The markets made history again this week when the fed funds futures moved into negative interest rate territory on Thursday. The market looked to me like it was ready for at least a pullback after Wednesday based on various divergences and the late-day weakness we saw for the second day in a row.
But on Thursday all of this was overridden by what we might now consider QE to Infinity & Beyond as the prospect of negative interest rates sent the algos on a steady buying spree. That spree continued into Friday, despite a brutal jobs number that saw 20.5 million jobs disappear in April.
The NASDAQ Composite Index stumbled its way to higher highs this week, and, believe it or not, is now up for the year. How can this be, you ask? The answer is simple: QE to Infinity & Beyond. And so, the stampede into stocks is perhaps less about fundamental underpinnings and mostly about the extreme mass of liquidity out there looking for a home.
What we’re seeing is something I’ve talked about since late March. Infinite QE creates a bullish wild card that can drive a rally in stocks for no other reason than the fact that it is there. And if one tries to think too logically about what’s going on, one simply gets left behind, because even a nonsensical rally is still a rally!
There is some divergence to be found, however, in the fact that the S&P 500 and Dow Indexes remain well below their 200-day moving averages. They rallied with the NASDAQ this week on very light volume. Overall, the volume levels on both exchanges have been light, and it was notable that many big-stock leaders were trekking higher on Friday on very light volume.
It’s easy to get one’s head severely bent out of shape trying to comprehend all the whys and wherefores of this market rally. The only therapy I can offer is to focus on the set-ups in individual stocks. For the most part, that can keep you in the right place at the right time, even if every market day is a WTF moment.
Precious metals continue to consolidate well, with the Sprott Physical Silver Trust (PSLV) finally clearing its 50-dma on a pocket pivot move Thursday. This puts it in a buyable position using the 50-dma as your selling guide. Obviously, the fed funds futures were the likely catalyst for the move on Thursday, but the bottom line is that QE isn’t going anyway anytime soon.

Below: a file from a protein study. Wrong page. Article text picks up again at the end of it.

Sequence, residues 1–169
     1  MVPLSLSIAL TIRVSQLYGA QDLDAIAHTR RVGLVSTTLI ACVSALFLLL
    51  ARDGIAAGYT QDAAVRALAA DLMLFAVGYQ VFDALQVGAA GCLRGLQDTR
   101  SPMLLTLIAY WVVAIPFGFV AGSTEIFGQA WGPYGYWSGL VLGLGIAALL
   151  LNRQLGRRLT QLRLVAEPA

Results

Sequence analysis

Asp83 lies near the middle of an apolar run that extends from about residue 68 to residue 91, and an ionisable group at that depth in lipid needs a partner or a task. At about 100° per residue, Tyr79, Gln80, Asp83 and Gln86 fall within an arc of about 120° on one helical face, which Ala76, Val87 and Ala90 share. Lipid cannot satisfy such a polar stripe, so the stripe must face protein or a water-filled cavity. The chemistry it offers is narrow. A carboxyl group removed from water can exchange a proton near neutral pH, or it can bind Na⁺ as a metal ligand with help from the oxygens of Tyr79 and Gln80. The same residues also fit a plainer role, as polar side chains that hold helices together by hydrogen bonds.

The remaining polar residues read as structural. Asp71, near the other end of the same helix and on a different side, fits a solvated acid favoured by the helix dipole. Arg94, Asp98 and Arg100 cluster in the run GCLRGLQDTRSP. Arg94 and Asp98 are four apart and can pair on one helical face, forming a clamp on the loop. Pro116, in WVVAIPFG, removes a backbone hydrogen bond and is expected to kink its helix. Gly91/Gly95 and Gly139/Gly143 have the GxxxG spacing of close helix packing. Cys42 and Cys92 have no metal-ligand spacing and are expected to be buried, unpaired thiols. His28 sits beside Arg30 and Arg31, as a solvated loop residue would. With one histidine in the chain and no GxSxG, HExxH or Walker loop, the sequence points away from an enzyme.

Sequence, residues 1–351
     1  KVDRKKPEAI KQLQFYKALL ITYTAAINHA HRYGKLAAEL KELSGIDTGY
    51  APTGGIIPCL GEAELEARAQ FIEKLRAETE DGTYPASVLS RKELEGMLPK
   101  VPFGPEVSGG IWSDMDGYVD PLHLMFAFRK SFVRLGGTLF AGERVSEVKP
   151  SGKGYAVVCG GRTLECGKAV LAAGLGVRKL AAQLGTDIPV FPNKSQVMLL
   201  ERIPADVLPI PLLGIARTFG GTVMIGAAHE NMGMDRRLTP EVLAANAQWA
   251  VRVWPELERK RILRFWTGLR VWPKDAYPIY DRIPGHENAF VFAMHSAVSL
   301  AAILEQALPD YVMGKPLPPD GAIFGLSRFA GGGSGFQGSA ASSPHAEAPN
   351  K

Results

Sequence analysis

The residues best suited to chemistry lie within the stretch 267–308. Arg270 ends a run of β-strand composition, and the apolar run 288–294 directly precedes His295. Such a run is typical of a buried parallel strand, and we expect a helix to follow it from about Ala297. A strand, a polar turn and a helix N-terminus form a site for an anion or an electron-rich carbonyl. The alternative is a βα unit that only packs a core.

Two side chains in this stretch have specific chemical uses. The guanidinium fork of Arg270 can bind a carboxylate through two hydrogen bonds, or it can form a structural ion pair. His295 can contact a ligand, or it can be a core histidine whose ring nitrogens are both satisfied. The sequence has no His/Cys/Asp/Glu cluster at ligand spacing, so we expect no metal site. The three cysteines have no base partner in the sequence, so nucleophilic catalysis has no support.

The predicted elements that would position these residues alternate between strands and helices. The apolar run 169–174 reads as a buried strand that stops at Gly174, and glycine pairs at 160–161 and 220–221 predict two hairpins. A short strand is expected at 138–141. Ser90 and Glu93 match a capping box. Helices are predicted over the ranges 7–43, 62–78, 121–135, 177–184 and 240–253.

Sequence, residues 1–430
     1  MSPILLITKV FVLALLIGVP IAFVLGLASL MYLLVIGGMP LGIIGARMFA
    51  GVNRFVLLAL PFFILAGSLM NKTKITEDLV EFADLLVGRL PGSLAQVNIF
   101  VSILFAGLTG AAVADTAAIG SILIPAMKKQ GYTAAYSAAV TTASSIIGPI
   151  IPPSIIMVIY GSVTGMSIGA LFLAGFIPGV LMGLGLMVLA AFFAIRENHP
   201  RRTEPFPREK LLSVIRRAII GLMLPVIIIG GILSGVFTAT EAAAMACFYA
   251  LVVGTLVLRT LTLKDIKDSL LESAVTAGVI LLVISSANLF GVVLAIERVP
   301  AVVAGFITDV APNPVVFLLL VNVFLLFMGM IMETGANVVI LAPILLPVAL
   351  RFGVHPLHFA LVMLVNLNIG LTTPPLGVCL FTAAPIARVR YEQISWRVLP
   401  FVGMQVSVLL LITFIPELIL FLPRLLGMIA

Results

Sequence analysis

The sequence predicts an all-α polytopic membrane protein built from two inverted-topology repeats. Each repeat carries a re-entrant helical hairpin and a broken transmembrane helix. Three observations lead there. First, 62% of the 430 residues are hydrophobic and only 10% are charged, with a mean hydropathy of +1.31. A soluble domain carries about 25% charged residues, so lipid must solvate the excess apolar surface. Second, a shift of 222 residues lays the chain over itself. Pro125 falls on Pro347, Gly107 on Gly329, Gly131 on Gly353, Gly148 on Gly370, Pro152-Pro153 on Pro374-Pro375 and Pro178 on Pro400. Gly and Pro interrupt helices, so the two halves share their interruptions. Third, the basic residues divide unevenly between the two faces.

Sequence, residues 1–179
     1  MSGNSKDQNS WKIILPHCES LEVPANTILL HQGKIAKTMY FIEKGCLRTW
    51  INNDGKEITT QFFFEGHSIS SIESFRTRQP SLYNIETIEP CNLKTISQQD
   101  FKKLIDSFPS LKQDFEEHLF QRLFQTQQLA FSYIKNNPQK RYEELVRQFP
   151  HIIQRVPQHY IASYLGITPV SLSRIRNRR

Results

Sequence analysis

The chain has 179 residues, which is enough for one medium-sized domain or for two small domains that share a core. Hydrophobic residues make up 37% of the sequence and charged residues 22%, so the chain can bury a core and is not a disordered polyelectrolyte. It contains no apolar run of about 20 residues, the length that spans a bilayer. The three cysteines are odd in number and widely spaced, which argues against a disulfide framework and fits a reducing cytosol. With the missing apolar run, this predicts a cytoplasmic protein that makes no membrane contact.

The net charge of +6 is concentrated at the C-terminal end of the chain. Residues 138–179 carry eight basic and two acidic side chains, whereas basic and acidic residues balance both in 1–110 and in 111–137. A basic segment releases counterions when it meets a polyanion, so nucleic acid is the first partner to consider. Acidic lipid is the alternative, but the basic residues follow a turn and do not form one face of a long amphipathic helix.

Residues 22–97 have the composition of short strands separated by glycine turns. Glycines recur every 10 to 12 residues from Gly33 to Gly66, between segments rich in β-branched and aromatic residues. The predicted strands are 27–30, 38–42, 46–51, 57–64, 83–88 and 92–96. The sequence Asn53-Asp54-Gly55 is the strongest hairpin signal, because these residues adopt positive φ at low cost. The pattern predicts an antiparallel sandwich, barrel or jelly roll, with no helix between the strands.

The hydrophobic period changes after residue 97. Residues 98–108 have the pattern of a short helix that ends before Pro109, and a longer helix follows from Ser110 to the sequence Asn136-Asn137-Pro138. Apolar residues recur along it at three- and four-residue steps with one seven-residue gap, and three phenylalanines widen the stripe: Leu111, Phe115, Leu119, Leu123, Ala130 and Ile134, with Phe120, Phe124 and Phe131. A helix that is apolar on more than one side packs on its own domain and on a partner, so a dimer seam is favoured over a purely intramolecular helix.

Meanwhile, the Sprott Physical Gold Trust (PHYS) continues to track tight sideways around its 10-dma and 20-dema. I continue to view the PHYS as buyable on pullbacks toward the 20-dema and the prior mid-April low. That said, one could also buy shares here while using those levels as your selling guide since I consider the backdrop of QE to Infinity & Beyond as a reasonable tailwind for the metals.
As the indexes move higher it is no surprise that the Fantastic Five, Apple (AAPL), Amazon.com (AMZN), Alphabet (GOOG), Facebook (FB) and Microsoft (MSFT) have all continued edging higher. Volume has been very light on the way up, as the stocks have become further extended from lower-risk entry spots.
What is fascinating to note here is that there has been no volume buying in any of these Fantastic Five names all week long! Yet they have kept on melting higher, with no desire to pull back just yet. How long these low-volume rallies can be sustained is a question to ponder, since only pullbacks to support would be the only way new, lower-risk entries could materialize.
Tesla (TSLA) refuses to play out as a Punchbowl of Death (POD) short-sale set-up and instead acts like a Flying V formation, a pattern that is quite common for this QE-infused market environment. Just go through the weekly charts of 20-30 stocks that have had big moves since the March lows, and you will see precisely what I mean.
Meanwhile, TSLA in fact posted its highest closing price since the March lows. As I discussed on Wednesday, one could first treat the stock as buyable along the 10-dma, with the idea of reversing to the short side if it broke below the 10-dma. On Thursday TSLA posted a voodoo volume signature at -39% below average as it held tight at the line.
That presented a lower-risk entry spot, and the stock finally rallied on Friday. The 10-dma remains as near-term support for the stock from here, such that pullbacks to the line could present lower-risk entries. Otherwise, be ready to flip short if the stock busts the 10-dma.